Activism and Resistance in the Archive

In Cole and Griffith’s interview with Michelle Caswell, she explains her understanding of archives and archiving as “infused with a social justice ethics” (Cole and Griffith 24). Unlike in a museum context where the form and aesthetic of an object is prioritised, the archive inherently contextualises the material. I understand this to be the opportunity and space for resistance and social justice. For example, in archival metadata the same language and terminology used by a community can also be used. While this allows for those in the community to access this information, depending on the context and archival institution, the decision to use a different language or specific term can in itself be taking on a political stance.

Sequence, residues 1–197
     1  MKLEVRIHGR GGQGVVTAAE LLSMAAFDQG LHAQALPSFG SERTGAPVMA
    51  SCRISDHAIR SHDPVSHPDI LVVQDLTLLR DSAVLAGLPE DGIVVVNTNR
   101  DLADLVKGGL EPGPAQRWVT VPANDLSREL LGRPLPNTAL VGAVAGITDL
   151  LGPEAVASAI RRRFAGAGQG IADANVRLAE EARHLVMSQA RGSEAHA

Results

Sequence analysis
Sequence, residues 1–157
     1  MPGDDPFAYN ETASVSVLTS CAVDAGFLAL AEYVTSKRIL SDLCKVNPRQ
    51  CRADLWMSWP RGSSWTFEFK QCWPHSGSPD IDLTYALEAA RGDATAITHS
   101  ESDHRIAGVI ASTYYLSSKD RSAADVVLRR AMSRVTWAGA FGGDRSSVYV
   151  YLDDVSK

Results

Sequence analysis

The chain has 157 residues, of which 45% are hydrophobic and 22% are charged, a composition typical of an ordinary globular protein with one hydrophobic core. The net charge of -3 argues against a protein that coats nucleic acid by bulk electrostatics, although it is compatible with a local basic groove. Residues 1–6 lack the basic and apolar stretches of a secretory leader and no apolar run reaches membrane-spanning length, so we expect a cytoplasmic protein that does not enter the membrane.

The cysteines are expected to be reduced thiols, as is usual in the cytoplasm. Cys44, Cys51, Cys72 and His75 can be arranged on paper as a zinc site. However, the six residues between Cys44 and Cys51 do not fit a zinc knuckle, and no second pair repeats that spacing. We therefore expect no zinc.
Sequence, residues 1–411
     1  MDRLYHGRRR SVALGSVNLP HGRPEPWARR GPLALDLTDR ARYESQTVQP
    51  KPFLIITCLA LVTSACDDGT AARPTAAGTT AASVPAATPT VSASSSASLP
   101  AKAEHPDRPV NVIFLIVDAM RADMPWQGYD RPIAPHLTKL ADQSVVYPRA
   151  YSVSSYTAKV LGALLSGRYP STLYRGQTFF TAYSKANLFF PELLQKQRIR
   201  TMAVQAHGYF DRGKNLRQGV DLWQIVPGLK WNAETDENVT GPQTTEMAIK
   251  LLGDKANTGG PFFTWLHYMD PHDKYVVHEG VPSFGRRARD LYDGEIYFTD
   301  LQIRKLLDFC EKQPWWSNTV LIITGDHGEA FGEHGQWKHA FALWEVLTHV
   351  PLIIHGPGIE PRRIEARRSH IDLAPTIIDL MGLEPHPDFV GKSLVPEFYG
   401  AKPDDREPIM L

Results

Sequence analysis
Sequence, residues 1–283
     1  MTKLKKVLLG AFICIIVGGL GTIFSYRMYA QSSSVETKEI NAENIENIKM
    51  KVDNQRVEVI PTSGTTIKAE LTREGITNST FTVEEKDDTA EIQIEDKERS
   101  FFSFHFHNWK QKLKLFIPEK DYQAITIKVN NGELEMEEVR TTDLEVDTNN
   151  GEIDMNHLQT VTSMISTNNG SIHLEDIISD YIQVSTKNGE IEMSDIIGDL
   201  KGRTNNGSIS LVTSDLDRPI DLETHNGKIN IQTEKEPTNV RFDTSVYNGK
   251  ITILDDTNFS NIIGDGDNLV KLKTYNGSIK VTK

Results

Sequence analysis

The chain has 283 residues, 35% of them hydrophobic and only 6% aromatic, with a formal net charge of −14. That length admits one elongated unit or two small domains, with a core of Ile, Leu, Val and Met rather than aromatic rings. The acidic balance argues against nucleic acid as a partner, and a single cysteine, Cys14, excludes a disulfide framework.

In Christen’s article, independent web portals and digital archives in which tribes have control over databases and the creation of records are said to “deliberately position Indigenous communities themselves as the owners and custodians” (Christen 4). This deinstitutionalized archive and Caswell’s post-custodial archive, have been criticised for its structure but also its status as an archive has been called into question. Is an archive just a collection of records? What is it about these archives that threaten the authority and legitimacy of an institutional archive?


One Reply

  • Excellent questions, Lena. What core principles or structural orthodoxies are these archives challenging? What leads some critics to question their status as legitimate archives? I hope we can address these important questions in our discussion tomorrow!

    And this is your fourth and final post for the semester 🙂 Thank you!

Leave a Reply

Your email address will not be published. Required fields are marked *